SALT LAKE CITY (ABC4) – As fentanyl-related crimes rise in the state, it’s crucial to have these often-taboo conversations with those around us.

Fentanyl, a drug related buzzword popping up in our headlines recently, like in the Kouri Richins case, is much more than a buzzy catchphrase. But rather, a highly potent synthetic opioid drug 50-100 times stronger than morphine.

The substance often laced in illicit drugs has caused thousands to overdose. Just recently, two people were jailed after almost half a million dollars and fentanyl were seized down in southern Utah. Merianne Spencer, a health statistics researcher for the CDC explained how the number of deaths due to fentanyl has risen nationally.

“The rate’s pretty much more than tripled,” she said. “Just to get a sense of the numbers, in 2016 it was 18,499 deaths. By 2021, it was 69,943 deaths.”

A common misconception of fentanyl is that it’s so potent, if you touch it you’ll die. There is no evidence to support this, however, if ingested, the consequences could be deadly. Utah state senator and University of Utah’s Dr. Jennifer Plumb, a substance expert, explains another common misconception when consuming illicit products.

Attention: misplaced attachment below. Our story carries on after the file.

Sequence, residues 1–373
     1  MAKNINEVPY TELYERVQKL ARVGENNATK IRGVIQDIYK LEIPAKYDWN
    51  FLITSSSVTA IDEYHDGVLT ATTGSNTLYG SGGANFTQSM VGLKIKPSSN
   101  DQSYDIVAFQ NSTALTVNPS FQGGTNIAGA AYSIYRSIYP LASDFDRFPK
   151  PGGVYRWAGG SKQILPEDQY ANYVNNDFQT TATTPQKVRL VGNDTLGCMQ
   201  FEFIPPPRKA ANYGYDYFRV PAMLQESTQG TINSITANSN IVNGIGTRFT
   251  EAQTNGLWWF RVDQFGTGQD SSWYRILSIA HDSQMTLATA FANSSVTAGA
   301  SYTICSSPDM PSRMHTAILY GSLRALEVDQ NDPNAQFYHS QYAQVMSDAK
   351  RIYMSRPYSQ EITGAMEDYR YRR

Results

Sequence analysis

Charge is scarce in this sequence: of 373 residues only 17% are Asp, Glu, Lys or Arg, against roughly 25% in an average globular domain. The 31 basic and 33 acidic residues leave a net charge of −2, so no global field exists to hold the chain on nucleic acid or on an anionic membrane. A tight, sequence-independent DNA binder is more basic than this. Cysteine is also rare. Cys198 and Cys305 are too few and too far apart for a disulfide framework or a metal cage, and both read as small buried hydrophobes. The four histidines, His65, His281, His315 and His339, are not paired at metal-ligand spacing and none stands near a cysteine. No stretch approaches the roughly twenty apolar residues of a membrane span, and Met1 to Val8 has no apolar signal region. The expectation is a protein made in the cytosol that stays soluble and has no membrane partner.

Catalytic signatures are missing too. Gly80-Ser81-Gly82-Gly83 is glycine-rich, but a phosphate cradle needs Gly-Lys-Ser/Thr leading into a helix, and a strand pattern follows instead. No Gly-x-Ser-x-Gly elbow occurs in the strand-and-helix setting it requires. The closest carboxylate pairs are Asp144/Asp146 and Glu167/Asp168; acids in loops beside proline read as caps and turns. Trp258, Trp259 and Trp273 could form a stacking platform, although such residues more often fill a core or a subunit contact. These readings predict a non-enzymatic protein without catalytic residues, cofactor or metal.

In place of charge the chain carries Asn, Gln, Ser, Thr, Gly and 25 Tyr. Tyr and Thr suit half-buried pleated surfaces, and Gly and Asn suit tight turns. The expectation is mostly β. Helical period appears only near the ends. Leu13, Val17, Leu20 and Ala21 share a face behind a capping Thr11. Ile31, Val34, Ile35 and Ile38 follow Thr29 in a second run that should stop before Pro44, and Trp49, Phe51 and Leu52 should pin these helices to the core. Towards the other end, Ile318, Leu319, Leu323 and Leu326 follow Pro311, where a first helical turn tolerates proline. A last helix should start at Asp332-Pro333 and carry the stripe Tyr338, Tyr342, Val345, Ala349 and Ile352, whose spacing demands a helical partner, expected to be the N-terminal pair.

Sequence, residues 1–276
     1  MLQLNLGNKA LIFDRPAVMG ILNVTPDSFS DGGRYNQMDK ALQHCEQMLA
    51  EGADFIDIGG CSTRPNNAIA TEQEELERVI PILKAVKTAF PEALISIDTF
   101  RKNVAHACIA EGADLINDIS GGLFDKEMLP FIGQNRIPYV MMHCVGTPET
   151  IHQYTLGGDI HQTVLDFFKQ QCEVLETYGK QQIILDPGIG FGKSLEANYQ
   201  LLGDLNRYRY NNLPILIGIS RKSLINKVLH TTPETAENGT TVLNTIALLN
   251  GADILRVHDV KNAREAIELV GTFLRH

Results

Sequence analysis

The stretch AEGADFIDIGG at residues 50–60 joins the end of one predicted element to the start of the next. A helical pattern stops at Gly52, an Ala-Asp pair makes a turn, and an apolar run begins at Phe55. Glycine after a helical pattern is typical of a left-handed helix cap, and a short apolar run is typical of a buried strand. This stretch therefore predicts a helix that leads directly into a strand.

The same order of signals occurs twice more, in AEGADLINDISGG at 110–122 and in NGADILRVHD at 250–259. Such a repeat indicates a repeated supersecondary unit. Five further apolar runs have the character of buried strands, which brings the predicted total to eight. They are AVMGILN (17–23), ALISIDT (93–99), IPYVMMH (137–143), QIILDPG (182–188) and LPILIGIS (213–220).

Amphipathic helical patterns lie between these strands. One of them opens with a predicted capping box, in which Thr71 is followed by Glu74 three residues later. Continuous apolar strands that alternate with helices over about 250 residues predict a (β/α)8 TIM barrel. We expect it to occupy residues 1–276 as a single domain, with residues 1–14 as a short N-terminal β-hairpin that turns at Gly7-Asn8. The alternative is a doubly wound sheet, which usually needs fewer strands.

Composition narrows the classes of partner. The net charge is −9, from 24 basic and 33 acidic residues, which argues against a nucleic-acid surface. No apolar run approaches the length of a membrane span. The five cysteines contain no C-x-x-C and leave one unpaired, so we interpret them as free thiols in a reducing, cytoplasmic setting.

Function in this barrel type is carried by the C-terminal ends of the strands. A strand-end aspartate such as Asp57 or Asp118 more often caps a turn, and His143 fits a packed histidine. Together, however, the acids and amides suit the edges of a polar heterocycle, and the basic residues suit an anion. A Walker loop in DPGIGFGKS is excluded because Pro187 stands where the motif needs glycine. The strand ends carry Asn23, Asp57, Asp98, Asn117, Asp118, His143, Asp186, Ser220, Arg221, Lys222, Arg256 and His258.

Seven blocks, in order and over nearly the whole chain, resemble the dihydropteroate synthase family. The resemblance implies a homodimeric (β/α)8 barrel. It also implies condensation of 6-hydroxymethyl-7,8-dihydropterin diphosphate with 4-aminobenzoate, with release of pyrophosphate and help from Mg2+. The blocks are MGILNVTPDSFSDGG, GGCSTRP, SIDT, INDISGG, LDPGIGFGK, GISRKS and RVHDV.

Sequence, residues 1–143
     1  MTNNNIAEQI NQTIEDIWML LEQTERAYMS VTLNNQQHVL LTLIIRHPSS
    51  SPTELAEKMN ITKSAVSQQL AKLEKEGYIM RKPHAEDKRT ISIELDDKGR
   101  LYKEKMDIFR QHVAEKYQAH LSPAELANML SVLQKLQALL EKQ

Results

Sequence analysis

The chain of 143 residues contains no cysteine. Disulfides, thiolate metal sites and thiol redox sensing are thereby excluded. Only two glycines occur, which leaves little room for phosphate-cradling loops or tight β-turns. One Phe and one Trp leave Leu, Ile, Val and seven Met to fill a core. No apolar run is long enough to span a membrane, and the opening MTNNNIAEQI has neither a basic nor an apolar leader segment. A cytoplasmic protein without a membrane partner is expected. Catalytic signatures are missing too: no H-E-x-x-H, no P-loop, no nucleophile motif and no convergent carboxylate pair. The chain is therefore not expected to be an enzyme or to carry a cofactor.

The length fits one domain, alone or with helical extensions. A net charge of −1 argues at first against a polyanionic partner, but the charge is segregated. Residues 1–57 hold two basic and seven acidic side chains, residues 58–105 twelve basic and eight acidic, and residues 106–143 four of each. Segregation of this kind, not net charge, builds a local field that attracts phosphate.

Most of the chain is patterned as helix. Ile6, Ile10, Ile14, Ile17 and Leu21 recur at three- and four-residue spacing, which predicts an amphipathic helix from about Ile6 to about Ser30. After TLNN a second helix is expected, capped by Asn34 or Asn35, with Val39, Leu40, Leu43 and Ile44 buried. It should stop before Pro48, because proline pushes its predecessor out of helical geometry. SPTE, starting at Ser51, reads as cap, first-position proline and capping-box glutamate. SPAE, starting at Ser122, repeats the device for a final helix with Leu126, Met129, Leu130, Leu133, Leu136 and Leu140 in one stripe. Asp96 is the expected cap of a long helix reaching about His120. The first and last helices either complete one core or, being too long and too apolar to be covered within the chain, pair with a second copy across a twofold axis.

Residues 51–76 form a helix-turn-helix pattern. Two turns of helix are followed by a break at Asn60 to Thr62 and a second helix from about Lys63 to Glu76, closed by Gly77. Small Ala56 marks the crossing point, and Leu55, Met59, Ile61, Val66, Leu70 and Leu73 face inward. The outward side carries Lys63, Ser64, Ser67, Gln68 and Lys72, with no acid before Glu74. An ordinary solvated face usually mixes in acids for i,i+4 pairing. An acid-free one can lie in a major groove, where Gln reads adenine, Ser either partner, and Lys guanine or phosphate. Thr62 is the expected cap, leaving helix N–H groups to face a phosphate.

“People that buy a pill from maybe a friend or a source that’s not inside a pharmacy… It looks just like a blue Percocet… it’s not a blue Percocet,” said Dr. Plumb. “It’s pure fentanyl, which is really risky for folks. But that kind of connection in the mind hasn’t been made. ‘Oh, it’s still a pill, it can’t be that dangerous,’ That’s something Utah’s got to get over.”

Fentanyl test strips, a harm reduction strategy, according to the CDC are a “low-cost method of helping prevent drug overdoses and reducing harm. FTS are small strips of paper that can detect the presence of fentanyl in all different kinds of drugs and drug forms. FTS provide people who use drugs and communities with important information about fentanyl in the illicit drug supply so they can take steps to reduce risk of overdose.”

As of May, fentanyl test strips are legal in the state of Utah and can be accessed through Utah’s Department of Health and Human Services or Utah’s Syringe Exchange Network.

“These are preventable deaths when we lose these folks, they didn’t have to leave us. Any tool that we can give people to not be on that list of folks gone too soon is priceless to me,” said Dr. Plumb.

According to Dr. Plumb, even though fentanyl may not lead to higher dependency or addiction, it is so much more dangerous than anything else.